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Apple’s hydrogen power plans fueled by Al Gore’s conflict of interest?

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Construction is underway at Apple's Maiden data center in North Carolina. (Garrett Fisher/Wired)

A conservative think tank is making fresh conflict of interest allegations against consumer electronics giant Apple and its most famous board member, former vice president and green energy advocate Al Gore.

Apple plans to fuel a new data center in suburban Charlotte, N.C., partly by two dozen hydrogen power units from Bloom -- a revolutionary power company. But the National Center for Public Policy Research thinks the real winner may be not the planet, but the former vice president.

"Fuel cells are among the world's most expensive forms of generating electricity,” said Tom Borelli, Ph.D., director of the National Center's Free Enterprise Project. “Apple buying technology from Bloom Energy, where Gore has a financial stake, is a clear conflict of interest.”

'Apple buying technology from Bloom Energy, where Gore has a financial stake, is a clear conflict of interest.'

- Tom Borelli, National Center for Public Policy Research

Gore is one of eight members of Apple’s board of directors and sits on the board of Bloom Energy backer Kleiner Perkins Caufield & Byers, according to the think tank, which earlier this year failed in a shareholder motion at Apple’s annual meeting also alleging conflict of interest against Gore. 

“This is a really significant issue,” Borelli told FoxNews.com. “This is a clear conflict of interest. Al Gore’s investment and his partners’ investment in Bloom Energy should not be enhanced by Apple’s investment strategy.”

Ralph Ward, publisher of the Boardroom Insider newsletter and an expert on corporate governance, agreed that Gore may face a conflict of interest if he failed to disclose that link.

“The Kleiner Perkins connection could be a potential conflict,” he told FoxNews.com. “The key would be what Apple says Al Gore disclosed to the board of directors. Without knowing that, it’s kind of tricky.”

FoxNews.com made repeated queries to Gore, Apple, and Bloom Energy, but no comment was offered.

If Gore failed to disclose that connection, Apple might have a potential beef, Ward said.

“The board would be left with egg on its face.”

Apple has been fighting to improve its eco-image, and has made strides, according to the latest Guide to Greener Electronics from Greenpeace. But the iPad maker still scores poorly on energy, the watchdog noted.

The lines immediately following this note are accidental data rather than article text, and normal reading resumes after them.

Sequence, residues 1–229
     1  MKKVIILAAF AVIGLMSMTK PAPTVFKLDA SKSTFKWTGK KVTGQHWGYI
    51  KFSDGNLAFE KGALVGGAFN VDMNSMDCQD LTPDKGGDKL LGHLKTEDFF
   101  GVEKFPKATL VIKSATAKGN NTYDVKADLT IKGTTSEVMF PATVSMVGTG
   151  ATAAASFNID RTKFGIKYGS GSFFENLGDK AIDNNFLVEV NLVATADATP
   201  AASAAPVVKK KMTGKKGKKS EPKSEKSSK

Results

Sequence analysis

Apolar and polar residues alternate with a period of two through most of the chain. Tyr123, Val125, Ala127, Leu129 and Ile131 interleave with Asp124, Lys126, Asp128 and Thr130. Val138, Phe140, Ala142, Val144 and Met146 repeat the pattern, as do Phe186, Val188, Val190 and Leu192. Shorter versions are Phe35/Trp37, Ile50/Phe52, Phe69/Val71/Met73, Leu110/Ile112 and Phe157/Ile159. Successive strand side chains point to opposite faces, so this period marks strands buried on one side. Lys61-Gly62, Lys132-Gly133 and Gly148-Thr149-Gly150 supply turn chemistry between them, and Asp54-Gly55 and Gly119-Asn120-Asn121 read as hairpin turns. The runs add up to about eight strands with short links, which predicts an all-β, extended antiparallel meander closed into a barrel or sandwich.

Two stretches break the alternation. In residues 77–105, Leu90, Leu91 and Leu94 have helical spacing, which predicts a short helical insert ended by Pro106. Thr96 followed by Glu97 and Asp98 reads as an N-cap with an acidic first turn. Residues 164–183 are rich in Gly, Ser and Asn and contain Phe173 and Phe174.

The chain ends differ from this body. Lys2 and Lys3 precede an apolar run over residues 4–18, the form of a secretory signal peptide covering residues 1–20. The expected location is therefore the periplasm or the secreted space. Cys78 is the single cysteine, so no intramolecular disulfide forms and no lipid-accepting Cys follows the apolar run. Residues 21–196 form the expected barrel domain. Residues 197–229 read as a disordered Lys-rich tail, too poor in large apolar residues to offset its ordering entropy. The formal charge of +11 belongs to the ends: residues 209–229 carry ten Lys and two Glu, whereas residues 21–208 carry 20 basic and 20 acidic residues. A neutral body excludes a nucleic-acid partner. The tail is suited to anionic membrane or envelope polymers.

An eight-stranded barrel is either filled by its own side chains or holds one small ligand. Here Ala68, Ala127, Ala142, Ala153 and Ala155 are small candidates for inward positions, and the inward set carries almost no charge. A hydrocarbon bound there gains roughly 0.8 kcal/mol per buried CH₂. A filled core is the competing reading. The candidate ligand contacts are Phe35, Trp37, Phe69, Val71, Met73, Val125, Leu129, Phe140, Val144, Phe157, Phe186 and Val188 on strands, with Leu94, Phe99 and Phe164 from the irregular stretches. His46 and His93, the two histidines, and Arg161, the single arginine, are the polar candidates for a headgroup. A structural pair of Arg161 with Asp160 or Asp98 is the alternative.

Apple’s massive North Carolina data center is clearly a green answer to that. Yet the company appears to be fighting an uphill battle.

Fuel cells are among the world’s most expensive forms of electricity, the Charlotte Observer recently wrote. And the Charlotte Business Journal noted that state energy regulators classified this as a renewable energy project, even though natural gas is being used.

Apple plans not just Bloom’s fuel-cell boxes but also solar power for the center -- and was dinged last month by Amazon’s data center guru James Hamilton, who questioned whether solar power makes sense for such a facility, according to a story at Wired.com.

Wired published exclusive photos of the data storage facility on Friday.

“Hamilton argues that a solar farm would have to be ridiculously large in order to significantly reduce the strain that these massive computing facilities put on the environment,” Wired wrote.

During recent weeks, a fresh light has shone on solar energy investment: A leading German solar power company has gone bankrupt, and several U.S. Energy Department loans to American solar firms, which are also insolvent, have received scrutiny from congressional investigators. Last fall, the major solar power firm Solyndra, which also received federal funds, filed for bankruptcy.

Bloom also has provided server power for Silicon Valley powerhouse Google, Borelli said. John Doerr, a partner at Kleiner Perkins, earned industry kudos for his investments over the years in Apple and Google. He is also a backer of Bloom Energy.

Borelli wants the Apple board of directors to investigate his group’s allegations and revise its investment strategy. “Don’t get me wrong -- Apple’s a great company,” he said. “But investors in Apple don’t need to be subsidizing this big scam.”